In March, Fraijo Jr. launched his own firm, The Somos Group, an entirely BIPOC-led multidisciplinary group committed to broadening “equity goals and advancing the value and expertise of people and communities that have been historically underserved and undervalued.” Fraijo Jr. exudes confidence and control, with healthy dashes of humility and curiosity as he sits and readies himself for questioning. There is a stark difference between the accomplished man today and the 18-year-old senior whose high grades and acceptance to an Ivy League were featured in a 1995 LA Times article.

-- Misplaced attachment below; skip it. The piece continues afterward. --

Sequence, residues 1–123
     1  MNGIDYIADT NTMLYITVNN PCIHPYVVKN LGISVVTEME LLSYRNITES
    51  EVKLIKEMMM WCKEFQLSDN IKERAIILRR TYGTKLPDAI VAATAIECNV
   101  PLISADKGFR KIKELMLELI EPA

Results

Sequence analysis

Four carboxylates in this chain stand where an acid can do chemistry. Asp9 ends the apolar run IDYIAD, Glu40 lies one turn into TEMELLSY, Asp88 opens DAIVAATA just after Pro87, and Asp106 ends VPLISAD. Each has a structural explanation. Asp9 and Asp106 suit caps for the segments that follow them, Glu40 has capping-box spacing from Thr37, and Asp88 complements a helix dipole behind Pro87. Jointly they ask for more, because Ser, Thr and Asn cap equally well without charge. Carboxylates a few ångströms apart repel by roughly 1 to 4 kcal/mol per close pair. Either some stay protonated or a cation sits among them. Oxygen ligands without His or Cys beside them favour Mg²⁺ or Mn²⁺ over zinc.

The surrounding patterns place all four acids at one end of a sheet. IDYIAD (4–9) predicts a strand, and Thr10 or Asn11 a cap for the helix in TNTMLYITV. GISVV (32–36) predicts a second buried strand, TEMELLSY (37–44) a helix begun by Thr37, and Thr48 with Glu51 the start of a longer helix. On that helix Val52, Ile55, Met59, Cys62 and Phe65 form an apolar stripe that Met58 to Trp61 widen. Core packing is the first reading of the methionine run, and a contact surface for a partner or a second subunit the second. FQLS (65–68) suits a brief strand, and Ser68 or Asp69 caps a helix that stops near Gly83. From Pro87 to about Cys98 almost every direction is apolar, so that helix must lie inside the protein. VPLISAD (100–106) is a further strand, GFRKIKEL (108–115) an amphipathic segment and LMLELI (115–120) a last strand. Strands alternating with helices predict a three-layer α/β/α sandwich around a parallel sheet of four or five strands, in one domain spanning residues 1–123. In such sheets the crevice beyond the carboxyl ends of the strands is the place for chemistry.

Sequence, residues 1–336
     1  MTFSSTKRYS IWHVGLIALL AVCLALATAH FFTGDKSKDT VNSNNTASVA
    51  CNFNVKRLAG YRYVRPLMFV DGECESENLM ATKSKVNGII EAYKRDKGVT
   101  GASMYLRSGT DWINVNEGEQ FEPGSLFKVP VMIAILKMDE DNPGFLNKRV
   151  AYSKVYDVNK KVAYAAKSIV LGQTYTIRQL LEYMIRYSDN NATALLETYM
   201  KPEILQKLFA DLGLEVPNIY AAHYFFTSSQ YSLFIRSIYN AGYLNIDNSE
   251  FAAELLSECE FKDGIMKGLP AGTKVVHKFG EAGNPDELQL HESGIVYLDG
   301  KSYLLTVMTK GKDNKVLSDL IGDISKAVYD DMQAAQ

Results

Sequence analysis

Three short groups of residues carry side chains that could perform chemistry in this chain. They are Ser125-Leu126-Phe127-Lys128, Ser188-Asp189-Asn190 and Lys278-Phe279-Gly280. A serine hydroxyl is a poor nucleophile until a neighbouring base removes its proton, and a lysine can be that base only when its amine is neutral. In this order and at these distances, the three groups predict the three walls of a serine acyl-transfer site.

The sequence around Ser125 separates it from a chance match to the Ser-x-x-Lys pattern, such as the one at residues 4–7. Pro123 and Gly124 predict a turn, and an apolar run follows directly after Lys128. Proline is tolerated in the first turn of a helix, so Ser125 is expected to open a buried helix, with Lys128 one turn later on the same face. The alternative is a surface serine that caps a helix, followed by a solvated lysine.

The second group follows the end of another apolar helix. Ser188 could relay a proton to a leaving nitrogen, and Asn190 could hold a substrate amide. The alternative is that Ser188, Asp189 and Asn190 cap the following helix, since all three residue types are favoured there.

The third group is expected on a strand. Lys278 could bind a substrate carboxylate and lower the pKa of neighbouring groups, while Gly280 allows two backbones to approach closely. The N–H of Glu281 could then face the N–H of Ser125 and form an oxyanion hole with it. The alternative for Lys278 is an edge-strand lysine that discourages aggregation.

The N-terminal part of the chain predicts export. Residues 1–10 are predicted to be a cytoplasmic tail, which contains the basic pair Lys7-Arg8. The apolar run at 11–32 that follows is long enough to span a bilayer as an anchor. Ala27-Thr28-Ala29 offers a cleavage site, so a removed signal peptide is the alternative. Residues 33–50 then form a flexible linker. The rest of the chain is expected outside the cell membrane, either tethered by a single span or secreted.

Reyes, a Harvard-trained physician who specializes in high-risk pregnancies, got into medicine to help women obtain health care, especially underserved or marginalized people who face systemic racism. She’s seen progress, albeit slow, over three decades, yet the number of maternal deaths each year continues to rise. She is s married to Health and Human Services Secretary Xavier Becerra, who is championing the administration’s initiative to require all states to provide Medicaid coverage to mothers for a year after giving birth.